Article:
Article by Sam Riches, Growth Op
People who smoke or vape are more likely to develop severe COVID-19 infections, according to some medical experts.
“When someone’s lungs are exposed to flu or other infections, the adverse effects of smoking or vaping are much more serious than among people who do not smoke or vape,” Stanton Glantz, professor of medicine at University of California, San Francisco, wrote in a blog post earlier this month.
Vaping nicotine is a popular activity among younger demographics in North America. The US Centers for Disease Control reported that up to 20 percent of people hospitalized with coronavirus in America are between ages 20 and 44.
In a blog posted by the Cleveland Clinic, pulmonologist and smoking cessation specialist Dr. Humberto Choi writes that vaping impairs the defence mechanisms of the lungs.
“Everything that we inhale goes straight into the airways and into the lungs, which is different from our heart, our liver and our kidneys that are protected,” he writes. “But the lungs are exposed to the environment, so the lungs and the airways do have a defence mechanism against that. What vaping is doing is impairing this defence mechanism for the lungs.”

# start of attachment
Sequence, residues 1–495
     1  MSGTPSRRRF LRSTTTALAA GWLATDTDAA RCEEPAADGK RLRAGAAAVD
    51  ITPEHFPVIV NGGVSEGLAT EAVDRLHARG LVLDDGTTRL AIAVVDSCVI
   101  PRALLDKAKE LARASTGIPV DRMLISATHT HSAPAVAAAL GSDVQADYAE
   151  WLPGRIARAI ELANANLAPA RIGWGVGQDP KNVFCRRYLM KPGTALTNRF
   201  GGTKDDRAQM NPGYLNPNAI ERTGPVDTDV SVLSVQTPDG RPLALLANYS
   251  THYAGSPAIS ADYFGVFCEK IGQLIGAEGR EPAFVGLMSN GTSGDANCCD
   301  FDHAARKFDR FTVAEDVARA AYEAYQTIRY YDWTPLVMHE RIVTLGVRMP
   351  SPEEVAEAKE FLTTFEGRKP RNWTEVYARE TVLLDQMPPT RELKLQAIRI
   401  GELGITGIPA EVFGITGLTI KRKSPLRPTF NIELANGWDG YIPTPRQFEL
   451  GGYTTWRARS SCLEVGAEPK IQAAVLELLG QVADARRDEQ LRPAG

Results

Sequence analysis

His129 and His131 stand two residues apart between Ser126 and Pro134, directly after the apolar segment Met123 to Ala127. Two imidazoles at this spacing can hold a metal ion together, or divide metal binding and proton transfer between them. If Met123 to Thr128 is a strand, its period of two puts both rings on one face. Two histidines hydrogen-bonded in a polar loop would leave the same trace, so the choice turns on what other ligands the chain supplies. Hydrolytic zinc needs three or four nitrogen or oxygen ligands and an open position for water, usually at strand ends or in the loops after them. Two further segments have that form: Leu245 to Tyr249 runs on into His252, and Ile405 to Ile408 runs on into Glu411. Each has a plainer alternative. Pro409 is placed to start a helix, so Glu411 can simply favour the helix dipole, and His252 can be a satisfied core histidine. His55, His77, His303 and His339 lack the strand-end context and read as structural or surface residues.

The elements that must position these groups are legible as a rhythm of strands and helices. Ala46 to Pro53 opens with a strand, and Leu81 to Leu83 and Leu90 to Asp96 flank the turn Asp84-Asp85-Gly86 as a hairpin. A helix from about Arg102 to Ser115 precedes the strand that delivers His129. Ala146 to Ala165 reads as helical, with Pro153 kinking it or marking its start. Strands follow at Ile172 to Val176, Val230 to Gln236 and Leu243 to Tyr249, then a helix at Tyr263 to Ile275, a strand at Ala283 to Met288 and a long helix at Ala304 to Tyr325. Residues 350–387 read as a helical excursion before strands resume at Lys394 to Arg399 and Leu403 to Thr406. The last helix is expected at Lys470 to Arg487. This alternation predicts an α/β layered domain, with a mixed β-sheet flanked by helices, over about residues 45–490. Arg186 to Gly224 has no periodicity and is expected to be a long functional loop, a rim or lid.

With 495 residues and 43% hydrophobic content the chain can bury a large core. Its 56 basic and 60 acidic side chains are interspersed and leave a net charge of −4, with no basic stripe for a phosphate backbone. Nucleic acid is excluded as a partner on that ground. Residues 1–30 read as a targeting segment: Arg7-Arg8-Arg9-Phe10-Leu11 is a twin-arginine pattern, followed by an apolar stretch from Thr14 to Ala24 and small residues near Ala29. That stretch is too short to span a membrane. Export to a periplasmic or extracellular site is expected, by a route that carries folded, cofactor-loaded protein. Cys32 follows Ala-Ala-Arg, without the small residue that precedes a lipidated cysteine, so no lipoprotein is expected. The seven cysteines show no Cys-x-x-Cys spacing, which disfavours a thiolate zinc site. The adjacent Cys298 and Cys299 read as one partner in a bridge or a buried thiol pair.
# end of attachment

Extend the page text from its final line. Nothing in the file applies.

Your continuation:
There has been little research about the impact of vaping cannabis, but Glantz says it stands to reason that cannabis consumers are also at increased risk for infection.
“We do know that cannabis smoke is very similar to tobacco smoke (other than a different psychoactive agent, THC vs nicotine). And vaped cannabis delivers an aerosol of ultrafine particles and chemicals deep into the lungs,” he writes.
“It would be sensible to stop using these cannabis products, too.”
Cannabis is still a Schedule 1 drug in the United States, alongside heroin and other drugs deemed to have “no medicinal value.” This makes it difficult for researchers to conduct health studies involving the plant, despite it being recreationally legal in 11 states.